The Italian Wars were a series of wars from 1494 to 1559 for control over the States of Italy , mainly involving France and Spain, but also involving most other European states, and the imprisonment for several months of Pope Clement VII.
They started with the plotting of Ludovico Sforza of Milan also known as "Ludovico il Moro" encouraging French involvement.
Charles VIII of France was encouraged by Ludovico to reassert the Angevin claim to the throne of Naples, then under Aragonese control. Ferdinand I of Naples died in 1494. and the French were welcomed into Florence by Savonarola and into Rome. They soon proved unpopular in Italy, and the League of Venice was formed against them, Charles being defeated at the Battle of Fornovo, but escaping to France.
His cousin and successor Louis XII of France invaded Italy in 1499 and managed to hold the north of the country, agreeing to partition Naples with Ferdinand II of Aragon. The two powers had fallen out by 1502, and the French were expelled from the south, retaining their occupation of Milan.
Meanwhile, Pope Julius II was more concerned with curbing the territorial expansion of Venice, and in 1508 formed the League of Cambrai, in which France, the Papacy, Spain and the Empire agreed to restrain the Venetians. At the Battle of Agnadello in 1509, the Venetians were defeated. But in the following year, Julius reached a modus vivendi with Venice, and, seeing France as a more dangerous power, formed the Holy League to expel the “barabarians”.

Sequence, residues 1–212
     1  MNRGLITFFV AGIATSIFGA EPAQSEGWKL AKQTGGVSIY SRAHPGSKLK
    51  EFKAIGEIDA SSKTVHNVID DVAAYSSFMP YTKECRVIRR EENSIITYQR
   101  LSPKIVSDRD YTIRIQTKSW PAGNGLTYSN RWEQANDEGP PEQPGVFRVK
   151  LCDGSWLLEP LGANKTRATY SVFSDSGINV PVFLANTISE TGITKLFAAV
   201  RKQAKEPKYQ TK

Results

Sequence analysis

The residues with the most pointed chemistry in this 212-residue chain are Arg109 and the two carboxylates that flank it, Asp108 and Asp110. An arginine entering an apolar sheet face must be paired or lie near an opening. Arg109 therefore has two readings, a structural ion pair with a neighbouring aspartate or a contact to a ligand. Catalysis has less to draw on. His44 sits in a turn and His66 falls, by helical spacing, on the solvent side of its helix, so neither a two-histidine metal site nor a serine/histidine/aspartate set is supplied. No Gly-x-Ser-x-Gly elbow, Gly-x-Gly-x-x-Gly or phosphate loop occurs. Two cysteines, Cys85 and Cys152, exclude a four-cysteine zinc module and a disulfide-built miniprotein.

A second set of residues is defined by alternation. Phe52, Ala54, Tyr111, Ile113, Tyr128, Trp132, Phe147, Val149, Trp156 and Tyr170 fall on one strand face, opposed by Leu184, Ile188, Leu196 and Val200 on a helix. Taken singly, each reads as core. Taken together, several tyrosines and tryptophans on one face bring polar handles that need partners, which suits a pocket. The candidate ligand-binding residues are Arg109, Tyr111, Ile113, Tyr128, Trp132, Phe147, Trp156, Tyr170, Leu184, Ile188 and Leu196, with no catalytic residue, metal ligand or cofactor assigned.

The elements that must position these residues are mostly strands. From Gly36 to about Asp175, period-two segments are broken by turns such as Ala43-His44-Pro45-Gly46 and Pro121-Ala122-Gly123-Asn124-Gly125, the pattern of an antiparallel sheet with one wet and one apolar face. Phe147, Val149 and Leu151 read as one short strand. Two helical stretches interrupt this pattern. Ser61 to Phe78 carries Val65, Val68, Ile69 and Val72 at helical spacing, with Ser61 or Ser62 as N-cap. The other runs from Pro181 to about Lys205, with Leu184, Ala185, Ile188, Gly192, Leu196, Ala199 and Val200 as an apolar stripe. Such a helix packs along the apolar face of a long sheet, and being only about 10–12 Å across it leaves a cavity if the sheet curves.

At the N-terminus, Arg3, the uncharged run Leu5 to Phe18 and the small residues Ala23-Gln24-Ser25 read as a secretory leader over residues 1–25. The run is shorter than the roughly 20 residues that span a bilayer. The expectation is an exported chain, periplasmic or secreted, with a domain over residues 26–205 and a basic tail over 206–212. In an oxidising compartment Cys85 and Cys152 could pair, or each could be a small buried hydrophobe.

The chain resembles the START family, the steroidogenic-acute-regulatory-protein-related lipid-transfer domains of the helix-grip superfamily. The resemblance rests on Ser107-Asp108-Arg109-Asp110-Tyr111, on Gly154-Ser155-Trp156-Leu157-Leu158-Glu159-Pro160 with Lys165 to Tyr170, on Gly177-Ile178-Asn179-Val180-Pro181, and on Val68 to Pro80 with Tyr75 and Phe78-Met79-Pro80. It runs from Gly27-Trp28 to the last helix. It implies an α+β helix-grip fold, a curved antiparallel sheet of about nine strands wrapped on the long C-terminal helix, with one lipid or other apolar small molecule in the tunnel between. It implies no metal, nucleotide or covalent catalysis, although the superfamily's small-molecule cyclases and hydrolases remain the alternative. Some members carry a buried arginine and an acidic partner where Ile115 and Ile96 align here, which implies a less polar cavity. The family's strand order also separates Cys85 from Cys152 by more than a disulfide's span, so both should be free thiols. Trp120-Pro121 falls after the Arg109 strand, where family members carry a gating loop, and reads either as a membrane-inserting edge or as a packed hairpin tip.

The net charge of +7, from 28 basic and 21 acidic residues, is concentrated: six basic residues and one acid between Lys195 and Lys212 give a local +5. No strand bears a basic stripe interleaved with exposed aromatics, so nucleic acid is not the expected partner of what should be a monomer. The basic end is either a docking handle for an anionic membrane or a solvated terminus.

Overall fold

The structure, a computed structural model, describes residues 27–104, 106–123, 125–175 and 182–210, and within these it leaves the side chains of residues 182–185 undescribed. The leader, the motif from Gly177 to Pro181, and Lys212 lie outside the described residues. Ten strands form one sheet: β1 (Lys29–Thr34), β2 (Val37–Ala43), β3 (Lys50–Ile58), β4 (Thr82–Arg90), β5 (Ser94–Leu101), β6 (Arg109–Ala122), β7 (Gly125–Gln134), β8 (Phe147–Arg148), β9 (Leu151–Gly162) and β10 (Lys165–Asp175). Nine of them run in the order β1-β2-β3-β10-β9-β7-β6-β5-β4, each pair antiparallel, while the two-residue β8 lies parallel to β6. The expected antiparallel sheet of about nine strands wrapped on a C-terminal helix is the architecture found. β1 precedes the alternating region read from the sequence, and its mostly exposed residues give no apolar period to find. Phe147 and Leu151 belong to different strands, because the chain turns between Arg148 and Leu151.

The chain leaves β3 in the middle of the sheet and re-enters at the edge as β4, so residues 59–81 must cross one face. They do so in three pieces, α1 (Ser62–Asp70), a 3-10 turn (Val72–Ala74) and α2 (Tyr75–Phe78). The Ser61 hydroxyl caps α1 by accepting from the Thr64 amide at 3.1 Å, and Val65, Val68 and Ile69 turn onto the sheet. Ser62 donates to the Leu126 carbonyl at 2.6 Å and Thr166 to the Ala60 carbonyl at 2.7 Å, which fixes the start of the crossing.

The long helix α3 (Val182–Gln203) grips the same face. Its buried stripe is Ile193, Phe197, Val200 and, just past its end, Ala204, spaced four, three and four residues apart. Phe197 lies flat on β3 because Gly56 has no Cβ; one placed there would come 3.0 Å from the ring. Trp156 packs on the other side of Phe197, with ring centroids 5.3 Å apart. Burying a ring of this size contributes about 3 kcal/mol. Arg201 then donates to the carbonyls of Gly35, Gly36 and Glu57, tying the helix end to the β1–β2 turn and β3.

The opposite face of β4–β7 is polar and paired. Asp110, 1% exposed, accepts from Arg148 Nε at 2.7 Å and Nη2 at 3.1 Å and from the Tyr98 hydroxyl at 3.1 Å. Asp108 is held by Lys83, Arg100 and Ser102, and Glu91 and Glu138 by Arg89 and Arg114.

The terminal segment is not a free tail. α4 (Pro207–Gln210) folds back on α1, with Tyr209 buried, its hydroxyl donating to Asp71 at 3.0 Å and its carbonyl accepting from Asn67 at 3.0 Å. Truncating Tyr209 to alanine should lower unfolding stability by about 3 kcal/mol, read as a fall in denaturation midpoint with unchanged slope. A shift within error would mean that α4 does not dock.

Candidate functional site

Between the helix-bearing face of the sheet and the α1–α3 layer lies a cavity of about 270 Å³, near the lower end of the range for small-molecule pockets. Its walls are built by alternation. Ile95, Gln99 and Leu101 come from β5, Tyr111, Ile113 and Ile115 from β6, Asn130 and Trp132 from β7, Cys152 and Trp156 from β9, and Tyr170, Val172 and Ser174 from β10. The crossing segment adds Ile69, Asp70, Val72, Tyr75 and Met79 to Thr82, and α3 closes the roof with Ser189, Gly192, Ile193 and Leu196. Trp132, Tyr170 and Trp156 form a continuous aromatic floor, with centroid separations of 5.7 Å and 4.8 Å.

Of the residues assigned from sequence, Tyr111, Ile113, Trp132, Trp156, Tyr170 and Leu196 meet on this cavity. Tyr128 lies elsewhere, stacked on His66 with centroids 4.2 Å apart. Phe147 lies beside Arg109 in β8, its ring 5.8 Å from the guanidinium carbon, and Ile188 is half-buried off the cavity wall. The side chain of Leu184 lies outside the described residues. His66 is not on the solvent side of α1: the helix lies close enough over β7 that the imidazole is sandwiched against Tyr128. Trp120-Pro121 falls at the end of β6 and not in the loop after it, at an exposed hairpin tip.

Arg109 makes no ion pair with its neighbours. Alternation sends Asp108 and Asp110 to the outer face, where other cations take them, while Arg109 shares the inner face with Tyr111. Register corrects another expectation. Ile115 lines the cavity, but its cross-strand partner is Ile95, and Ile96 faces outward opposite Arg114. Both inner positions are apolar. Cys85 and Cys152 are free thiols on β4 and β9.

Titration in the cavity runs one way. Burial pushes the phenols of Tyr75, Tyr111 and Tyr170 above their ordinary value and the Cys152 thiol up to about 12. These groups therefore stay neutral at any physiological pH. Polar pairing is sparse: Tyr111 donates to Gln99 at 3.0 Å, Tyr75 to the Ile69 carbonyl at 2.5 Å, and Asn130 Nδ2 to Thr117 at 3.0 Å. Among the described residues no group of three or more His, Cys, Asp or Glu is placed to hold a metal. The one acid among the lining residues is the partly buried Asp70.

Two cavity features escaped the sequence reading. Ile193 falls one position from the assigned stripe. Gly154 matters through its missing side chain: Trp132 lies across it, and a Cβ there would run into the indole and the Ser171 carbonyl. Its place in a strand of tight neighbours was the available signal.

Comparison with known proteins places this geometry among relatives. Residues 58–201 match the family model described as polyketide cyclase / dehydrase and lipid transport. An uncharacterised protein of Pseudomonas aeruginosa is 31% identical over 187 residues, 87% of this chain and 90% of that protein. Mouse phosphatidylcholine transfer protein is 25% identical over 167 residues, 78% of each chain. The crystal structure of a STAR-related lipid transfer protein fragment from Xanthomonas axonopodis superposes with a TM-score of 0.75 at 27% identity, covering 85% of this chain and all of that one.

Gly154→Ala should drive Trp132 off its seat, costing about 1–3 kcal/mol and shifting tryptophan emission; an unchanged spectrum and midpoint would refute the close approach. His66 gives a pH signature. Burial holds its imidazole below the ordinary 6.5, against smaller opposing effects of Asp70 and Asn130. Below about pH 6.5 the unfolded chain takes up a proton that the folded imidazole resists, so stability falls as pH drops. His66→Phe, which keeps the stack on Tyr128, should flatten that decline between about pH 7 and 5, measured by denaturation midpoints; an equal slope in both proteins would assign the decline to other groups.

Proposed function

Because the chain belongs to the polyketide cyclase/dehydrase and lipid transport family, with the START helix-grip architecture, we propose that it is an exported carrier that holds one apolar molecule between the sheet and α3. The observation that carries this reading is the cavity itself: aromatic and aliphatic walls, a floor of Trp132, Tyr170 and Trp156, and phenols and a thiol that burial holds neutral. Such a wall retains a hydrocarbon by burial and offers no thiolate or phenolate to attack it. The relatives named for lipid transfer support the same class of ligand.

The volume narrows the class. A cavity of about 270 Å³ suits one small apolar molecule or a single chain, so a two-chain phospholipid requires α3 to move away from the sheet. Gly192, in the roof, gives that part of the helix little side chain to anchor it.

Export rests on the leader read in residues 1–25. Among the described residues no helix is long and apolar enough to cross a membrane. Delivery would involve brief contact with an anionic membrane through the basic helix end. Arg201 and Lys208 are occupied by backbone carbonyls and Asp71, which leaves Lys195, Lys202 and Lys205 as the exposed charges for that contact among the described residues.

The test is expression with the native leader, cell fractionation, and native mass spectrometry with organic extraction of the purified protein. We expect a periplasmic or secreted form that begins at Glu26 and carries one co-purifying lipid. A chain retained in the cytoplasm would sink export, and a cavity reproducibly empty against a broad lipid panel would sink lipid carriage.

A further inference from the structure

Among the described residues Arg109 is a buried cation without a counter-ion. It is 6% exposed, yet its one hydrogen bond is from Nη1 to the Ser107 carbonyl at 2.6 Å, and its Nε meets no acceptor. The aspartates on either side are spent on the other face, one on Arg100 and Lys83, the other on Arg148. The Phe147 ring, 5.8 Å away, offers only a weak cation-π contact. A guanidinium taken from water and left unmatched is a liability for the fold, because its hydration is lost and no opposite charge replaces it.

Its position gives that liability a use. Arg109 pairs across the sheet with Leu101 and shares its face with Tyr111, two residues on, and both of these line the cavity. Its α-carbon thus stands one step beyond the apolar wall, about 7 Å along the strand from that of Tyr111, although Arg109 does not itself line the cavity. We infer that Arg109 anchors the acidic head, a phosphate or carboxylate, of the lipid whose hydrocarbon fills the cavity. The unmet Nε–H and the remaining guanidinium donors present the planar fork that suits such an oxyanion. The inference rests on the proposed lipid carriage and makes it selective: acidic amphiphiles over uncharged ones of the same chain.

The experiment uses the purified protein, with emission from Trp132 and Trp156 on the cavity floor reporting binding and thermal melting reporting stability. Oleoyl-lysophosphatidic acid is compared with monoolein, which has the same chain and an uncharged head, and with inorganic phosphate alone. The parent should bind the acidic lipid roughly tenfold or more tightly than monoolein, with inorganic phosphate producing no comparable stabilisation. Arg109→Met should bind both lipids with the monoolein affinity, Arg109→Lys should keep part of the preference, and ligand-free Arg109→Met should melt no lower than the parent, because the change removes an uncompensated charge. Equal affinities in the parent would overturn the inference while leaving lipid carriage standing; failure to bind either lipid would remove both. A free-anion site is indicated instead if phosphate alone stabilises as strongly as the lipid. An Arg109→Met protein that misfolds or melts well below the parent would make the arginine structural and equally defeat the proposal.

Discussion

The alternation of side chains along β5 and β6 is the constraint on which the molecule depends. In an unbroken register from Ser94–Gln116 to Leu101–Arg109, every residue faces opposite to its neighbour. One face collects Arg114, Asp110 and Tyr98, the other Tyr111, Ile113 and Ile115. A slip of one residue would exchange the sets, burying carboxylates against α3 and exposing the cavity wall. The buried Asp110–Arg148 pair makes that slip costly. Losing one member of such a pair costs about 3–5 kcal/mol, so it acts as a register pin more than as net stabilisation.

Charles V, Holy Roman Emperor was determined to end the French possession of Milan, something finally accomplished at the Battle of Pavia in 1525. Francis was taken hostage, and imprisoned in Madrid until he made concessions over Italy (which he later claimed were made under duress). Pope Clement VII, alarmed at the power of the Empire, allied the Papacy with France, giving rise to the Sack of Rome by imperial troops in 1527. While this caused Charles some embarrassment, it enabled him to keep the Pope from annulling the marriage of Henry VIII of England and Catherine of Aragon, though in turn this lead to the Schism of the Church of England with Rome.
The Italian Wars had a number of impacts on the work and workplace of Leonardo da Vinci, for example scuppering his plans for a "Gran Cavallo" horse statue in 1495 when the seventy tons of bronze were instead cast into weapons to save Milan.